Parents Blaming Phones: Why?

Here’s why parents blame everything on phones:

There are many reasons why parents might blame things on phones.

They might be looking for a scapegoat for problems or mistakenly assuming that correlation equals causation.

In a non-zero number of cases, the blame might actually be warranted, and the parents are correctly identifying a problem.

So if you want to learn all about why parents hold phones responsible for a lot of problems, then you’re in the right place.

Keep reading!

Parents Blaming Phones: Why? (Everything to Know)

Do Parents Blame Everything on Phones? (4 Things)

Preteen Bullied Girl Feeling Lonely And Sad At Home

Let’s clarify a few things.

It would probably be unfair to say that all parents always blame everything on phones.

That’s an extreme statement, and it’s not the point that we’re trying to discuss today.

It might not even be fair to say that any parents blame phones for everything.

We also probably shouldn’t say that all parents blame phones for some things.

It’s easy to imagine that there are parents out there who don’t blame phones for anything.

With all of that clarification in mind, we can explore an idea.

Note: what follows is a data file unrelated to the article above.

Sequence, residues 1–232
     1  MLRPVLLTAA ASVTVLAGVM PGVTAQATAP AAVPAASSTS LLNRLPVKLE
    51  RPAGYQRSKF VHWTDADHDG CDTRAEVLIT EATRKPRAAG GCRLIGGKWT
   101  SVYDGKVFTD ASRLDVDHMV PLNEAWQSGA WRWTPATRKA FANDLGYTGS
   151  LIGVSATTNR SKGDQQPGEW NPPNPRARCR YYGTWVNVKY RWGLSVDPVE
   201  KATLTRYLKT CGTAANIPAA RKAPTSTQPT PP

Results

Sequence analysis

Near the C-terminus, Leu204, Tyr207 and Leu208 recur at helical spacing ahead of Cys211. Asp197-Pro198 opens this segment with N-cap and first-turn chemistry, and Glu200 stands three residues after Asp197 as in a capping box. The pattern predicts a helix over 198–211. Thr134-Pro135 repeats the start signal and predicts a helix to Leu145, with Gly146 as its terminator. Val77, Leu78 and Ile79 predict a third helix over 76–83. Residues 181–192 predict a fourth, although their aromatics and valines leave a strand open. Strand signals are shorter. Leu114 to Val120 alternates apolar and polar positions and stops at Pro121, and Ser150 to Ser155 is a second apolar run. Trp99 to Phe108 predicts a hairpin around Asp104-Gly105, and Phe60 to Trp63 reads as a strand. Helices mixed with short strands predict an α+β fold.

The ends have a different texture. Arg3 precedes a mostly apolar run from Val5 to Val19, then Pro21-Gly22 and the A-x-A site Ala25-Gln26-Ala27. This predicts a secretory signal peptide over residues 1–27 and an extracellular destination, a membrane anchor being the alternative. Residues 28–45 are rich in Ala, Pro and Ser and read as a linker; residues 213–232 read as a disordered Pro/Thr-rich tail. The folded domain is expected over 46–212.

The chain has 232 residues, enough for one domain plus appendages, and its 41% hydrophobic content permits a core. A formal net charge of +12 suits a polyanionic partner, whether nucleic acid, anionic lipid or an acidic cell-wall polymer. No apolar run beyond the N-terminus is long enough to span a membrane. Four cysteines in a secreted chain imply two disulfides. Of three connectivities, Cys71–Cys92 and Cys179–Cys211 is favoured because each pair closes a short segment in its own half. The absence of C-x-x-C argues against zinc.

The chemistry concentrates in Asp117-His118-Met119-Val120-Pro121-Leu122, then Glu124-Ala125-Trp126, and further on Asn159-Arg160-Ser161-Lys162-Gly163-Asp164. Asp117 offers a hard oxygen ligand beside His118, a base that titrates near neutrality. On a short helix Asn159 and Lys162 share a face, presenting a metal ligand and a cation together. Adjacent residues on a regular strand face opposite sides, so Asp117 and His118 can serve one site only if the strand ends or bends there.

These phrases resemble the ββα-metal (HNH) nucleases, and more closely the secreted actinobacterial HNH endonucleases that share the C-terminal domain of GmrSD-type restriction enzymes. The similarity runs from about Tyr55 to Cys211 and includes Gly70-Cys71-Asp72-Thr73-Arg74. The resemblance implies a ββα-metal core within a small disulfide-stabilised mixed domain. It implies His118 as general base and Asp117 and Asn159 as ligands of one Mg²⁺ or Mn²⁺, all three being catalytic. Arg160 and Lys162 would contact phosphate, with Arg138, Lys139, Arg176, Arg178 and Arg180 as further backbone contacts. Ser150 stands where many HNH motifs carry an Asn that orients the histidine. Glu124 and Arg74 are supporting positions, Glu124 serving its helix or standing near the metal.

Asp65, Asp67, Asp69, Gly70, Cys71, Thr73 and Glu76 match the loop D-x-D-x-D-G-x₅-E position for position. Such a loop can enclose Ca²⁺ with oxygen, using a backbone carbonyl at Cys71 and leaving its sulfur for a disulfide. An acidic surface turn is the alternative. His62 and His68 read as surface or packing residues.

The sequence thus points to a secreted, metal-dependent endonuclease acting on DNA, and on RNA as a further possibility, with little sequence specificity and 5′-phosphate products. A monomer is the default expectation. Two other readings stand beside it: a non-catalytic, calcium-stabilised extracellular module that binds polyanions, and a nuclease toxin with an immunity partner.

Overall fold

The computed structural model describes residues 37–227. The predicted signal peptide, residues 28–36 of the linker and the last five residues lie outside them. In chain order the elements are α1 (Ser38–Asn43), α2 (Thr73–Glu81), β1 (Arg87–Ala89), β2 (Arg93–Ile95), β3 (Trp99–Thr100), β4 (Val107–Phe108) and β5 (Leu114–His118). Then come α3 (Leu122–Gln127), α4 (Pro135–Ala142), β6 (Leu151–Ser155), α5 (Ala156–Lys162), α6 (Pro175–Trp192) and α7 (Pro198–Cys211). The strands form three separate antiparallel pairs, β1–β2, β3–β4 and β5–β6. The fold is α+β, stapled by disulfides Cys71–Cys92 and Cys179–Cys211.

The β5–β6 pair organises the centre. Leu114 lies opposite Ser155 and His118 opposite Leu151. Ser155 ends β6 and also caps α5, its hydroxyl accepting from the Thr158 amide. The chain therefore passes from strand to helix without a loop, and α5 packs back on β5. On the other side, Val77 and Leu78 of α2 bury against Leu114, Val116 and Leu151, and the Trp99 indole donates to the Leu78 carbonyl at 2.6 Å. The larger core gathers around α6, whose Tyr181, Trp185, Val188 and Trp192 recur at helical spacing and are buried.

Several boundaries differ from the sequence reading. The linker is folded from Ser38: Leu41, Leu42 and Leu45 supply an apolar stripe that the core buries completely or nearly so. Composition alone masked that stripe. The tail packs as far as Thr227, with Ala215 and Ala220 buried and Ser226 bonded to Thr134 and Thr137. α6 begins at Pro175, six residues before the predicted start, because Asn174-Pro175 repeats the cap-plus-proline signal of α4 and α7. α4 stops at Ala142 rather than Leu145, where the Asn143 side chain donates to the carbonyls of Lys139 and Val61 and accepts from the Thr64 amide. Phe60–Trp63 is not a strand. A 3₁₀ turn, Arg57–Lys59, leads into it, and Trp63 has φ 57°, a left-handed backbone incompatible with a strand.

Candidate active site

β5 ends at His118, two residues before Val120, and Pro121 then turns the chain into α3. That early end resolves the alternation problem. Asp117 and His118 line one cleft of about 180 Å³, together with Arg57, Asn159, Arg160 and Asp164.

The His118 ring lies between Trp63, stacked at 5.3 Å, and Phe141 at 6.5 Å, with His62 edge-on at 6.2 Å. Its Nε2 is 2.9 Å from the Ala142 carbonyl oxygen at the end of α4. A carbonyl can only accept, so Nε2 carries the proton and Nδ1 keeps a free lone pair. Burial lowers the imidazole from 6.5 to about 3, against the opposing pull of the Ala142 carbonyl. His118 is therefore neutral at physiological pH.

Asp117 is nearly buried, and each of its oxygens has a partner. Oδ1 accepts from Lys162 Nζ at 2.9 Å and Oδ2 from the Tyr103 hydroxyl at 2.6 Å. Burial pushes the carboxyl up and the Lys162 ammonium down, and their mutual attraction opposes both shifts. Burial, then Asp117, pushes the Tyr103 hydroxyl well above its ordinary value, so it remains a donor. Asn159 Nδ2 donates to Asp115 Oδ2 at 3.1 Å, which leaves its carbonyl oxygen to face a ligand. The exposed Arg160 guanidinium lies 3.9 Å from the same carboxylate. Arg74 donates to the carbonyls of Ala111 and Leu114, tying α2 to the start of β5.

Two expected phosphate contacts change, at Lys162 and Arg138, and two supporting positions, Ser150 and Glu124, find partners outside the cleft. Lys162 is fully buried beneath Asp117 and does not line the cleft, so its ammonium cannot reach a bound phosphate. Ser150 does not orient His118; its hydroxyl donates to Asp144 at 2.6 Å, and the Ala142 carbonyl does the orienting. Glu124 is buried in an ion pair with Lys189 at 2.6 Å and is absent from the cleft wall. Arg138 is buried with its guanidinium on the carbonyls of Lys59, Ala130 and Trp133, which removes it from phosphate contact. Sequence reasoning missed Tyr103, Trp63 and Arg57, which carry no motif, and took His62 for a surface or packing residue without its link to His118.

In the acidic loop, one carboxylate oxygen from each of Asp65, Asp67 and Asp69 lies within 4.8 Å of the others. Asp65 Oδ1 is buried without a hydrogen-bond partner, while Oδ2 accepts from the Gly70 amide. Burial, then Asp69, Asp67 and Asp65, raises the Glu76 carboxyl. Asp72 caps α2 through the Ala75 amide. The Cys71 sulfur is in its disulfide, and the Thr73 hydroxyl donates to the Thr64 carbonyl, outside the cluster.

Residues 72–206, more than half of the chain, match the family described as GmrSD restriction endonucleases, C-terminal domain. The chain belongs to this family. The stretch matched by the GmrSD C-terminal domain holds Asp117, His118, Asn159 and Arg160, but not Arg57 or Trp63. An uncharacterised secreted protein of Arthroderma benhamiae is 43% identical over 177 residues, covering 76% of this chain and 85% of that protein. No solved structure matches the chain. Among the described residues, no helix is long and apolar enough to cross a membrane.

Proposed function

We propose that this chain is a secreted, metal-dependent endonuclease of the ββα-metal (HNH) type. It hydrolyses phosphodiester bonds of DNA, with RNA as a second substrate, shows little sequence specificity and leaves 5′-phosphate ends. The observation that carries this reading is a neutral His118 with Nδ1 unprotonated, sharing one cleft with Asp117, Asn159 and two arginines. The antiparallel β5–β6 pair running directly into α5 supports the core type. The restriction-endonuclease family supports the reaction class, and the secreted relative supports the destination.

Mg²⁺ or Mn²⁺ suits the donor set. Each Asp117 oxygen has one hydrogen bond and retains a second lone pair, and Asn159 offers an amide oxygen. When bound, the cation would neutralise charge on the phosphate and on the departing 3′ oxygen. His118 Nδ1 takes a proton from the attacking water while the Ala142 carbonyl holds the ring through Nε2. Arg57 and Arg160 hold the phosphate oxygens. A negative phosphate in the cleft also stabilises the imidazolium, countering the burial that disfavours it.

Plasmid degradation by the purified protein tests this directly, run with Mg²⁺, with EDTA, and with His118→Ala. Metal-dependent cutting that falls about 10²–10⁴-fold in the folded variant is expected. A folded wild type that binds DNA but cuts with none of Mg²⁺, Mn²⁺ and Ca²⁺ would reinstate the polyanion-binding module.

Sometimes, there are parents who blame things on phones, and that blame may or may not be merited.

That’s what I want to dig into with you today.

With that in mind, I’m going to cover some of the most common things that get blamed on phones.

I’m going to avoid going too hard in any direction as to whether or not phones actually cause these problems.

The true, scientific answer is that it’s all very complicated, and reducing a situation to either it is or isn’t the phone’s fault is going to be reductive.

#1 Mental Health Problems

Sad woman sitting on couch alone at home

One of the most common things you are likely to hear in this vein of thought is that phones are causing mental health problems.

You may have heard that there is a mental health crisis.

Kids and teenagers are facing unprecedented levels of depression and anxiety.

Plenty of other mental health problems are also on the rise.

You may have even seen news segments that suggest that phones and phone usage are to blame. 

Like I said earlier, concluding whether or not phones cause any mental health problems is very difficult, but what we do know is that sometimes parents see their kids struggling in this regard and blame the phone.

They might even try to restrict phone access as a potential solution to the problem.

#2 Phone Addiction

Girl awake in bed using cellphone at night

There’s also something known as phone addiction.

This is like any other addiction, but the focal point is a smartphone.

Kids or young adults who are addicted to their phones might feel separation or anxiety when they can’t access their phones.

The behavior is also associated with extensive phone usage—amounting to many more hours spent using a phone than the average person.

This is really a chicken-or-the-egg scenario.

Do smartphones cause addiction, or do addictive traits attach to smartphones in the absence of other focal points?